The Fall Of Tam's #6: How LA Regulated A Burger Stand Out of Existence
Located on the corner of Figueroa and 101st Street in South Central Los Angeles, Tam's Burgers has been a part of the neighborhood for almost thirty years. Nick Benetatos took over the restaurant in the late '80s after his father retired. Tam's has withstood multiple recessions and even the 1992 LA riots.
"When the markets were burned down, liquor stores were burned down, everything was burned down, people had nowhere to go, they came to us. We were handing out loaves of bread for free." says Benetatos. "We have much love for the community. And the community obviously has much love for us."
But Tam's is now facing its most daunting challenge yet: being deemed a "public nuisance" by the city of LA. The Los Angeles Police Department believes that Tam's is a magnet for drug dealers, prostitutes and violent criminals.
"It has a nexus and a connection to a disproportionate amount of criminal activity," says Detective Eric Moore, head of LAPD's Nuisance Abatement unit.
But Benetatos says that he is simply making the best of a tough situation. He's even tried to work with LAPD before, honoring their requests that he remove payphones on the property and remove tables for outdoor seating, which he says resulted in a 15 percent decline in revenues. The city's zoning board has since ordered him to comply with 22 separate conditions, such as hiring a full-time security guard, fencing in the entire property and installing a security camera that links directly to LAPD's electronic surveillance system. Benetatos says that the cost of compliance would put him out of business.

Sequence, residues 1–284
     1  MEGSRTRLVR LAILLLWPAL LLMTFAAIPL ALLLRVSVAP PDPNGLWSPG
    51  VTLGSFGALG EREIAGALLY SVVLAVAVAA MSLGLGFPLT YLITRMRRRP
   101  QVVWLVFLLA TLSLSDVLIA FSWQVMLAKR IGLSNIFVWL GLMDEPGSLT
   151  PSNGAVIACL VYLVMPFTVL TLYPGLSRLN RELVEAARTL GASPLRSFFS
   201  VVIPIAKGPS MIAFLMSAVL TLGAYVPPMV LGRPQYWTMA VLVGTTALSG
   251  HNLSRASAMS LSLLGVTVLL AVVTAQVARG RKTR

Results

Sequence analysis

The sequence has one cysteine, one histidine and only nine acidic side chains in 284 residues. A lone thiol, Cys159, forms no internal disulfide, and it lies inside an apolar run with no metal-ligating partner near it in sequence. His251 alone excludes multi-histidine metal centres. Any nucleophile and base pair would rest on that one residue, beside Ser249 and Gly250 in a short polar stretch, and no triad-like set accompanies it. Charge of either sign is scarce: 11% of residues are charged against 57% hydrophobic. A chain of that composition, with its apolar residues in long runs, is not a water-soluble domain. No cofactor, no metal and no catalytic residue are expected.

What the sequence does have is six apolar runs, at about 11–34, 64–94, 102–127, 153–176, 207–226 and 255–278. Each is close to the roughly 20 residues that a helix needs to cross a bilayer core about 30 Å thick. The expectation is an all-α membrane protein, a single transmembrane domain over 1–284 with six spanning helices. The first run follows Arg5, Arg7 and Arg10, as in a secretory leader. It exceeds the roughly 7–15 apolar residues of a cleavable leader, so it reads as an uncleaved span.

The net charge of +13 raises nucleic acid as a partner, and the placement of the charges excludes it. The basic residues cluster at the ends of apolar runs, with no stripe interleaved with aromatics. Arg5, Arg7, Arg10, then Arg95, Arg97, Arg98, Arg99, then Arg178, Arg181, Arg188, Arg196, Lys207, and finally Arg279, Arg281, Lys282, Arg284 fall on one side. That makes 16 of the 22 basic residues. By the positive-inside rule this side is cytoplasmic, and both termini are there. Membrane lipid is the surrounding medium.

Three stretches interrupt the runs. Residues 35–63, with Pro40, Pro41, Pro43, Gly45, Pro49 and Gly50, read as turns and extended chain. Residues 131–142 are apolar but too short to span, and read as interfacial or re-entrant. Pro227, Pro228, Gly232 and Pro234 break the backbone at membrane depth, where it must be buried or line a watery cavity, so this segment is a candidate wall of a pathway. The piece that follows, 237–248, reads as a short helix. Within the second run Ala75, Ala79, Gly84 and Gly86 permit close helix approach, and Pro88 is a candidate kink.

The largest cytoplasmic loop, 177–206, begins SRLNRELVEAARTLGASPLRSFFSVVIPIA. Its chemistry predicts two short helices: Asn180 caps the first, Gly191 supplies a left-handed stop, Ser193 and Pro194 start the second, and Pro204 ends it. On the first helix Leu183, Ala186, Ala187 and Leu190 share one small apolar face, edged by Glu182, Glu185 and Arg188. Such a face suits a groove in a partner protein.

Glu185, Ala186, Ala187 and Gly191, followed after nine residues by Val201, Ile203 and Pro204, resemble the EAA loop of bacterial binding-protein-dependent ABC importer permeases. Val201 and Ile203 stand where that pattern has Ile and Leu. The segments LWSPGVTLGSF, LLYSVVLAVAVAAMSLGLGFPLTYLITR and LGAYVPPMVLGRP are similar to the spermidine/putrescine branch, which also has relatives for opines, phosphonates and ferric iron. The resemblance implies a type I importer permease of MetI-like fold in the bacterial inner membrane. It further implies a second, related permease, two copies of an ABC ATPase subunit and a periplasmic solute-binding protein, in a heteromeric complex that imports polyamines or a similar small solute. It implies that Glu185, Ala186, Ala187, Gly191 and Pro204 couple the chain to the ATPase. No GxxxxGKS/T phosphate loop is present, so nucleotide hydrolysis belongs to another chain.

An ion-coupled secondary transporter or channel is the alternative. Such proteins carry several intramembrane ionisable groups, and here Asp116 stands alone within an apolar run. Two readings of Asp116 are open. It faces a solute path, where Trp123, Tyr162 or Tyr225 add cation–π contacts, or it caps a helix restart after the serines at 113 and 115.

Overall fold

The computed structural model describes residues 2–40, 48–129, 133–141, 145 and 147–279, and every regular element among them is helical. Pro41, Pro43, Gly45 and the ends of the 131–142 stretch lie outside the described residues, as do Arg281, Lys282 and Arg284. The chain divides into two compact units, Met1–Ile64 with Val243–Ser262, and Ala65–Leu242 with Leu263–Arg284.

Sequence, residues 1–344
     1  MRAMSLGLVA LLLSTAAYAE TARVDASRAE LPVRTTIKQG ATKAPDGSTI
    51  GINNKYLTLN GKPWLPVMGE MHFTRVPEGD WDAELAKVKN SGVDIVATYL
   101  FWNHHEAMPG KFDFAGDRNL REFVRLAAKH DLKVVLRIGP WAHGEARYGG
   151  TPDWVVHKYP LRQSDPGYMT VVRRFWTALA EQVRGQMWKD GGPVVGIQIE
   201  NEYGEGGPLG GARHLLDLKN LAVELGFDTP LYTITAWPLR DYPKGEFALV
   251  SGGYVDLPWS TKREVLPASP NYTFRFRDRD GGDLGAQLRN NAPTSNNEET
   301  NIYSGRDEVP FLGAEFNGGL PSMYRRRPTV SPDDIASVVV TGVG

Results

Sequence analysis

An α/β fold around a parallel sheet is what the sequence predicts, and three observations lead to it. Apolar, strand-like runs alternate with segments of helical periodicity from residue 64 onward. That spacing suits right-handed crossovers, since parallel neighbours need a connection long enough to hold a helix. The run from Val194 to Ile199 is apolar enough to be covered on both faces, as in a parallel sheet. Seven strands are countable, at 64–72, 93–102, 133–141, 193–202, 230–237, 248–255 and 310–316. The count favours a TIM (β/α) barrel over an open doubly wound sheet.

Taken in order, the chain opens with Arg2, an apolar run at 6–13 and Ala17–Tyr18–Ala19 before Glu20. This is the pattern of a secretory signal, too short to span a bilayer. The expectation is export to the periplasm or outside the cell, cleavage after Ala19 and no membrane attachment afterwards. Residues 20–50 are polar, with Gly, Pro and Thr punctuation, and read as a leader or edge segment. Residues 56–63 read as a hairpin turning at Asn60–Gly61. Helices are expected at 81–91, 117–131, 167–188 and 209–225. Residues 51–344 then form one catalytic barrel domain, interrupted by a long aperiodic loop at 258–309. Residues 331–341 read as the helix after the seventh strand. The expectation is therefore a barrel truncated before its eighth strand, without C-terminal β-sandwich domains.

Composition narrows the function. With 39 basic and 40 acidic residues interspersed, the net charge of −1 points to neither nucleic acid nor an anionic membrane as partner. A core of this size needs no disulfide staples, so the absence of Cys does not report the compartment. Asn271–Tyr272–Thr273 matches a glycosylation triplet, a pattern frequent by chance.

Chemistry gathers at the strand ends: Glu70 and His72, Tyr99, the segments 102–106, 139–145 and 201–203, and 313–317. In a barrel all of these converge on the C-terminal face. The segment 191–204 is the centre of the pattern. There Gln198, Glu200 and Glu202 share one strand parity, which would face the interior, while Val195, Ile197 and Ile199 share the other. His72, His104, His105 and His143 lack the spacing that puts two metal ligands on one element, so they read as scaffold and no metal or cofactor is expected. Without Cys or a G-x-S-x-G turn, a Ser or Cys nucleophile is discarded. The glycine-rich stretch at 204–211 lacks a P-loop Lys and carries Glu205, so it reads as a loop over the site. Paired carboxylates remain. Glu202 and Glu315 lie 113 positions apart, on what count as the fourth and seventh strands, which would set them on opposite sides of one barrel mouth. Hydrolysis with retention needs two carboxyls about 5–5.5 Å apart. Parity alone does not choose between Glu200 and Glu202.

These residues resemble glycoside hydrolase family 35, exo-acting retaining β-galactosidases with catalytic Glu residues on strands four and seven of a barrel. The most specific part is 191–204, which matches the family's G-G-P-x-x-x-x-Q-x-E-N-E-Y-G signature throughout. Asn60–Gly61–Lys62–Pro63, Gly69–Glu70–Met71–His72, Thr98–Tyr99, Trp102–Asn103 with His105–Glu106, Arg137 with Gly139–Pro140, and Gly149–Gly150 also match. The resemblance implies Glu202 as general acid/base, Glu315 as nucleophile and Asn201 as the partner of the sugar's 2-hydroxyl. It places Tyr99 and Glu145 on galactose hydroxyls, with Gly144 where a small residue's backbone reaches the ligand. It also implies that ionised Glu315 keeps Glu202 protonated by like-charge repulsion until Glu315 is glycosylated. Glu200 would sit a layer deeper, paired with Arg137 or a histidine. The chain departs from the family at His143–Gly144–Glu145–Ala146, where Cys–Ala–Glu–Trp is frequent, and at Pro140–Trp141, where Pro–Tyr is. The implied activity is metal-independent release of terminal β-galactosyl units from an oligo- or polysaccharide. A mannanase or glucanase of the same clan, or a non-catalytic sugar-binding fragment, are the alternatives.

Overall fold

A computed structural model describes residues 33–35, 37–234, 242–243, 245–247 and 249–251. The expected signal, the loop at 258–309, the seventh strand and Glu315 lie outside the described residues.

"The LAPD wants to control my business and run it in their view of how it should be run, and I'm trying to run it in the view that I've been here for 30 years and know how it should be run, and I'm successful," says Benetatos, who appealed the zoning board's conditions at a recent city council meeting.
Entrepreneur vs. LA's city government: Who will prevail? Watch Reason TV's video above to find out.
About 5 minutes. Produced by Zach Weissmueller. Shot by Tracy Oppenheimer, Sharif Matar, and Weissmueller.
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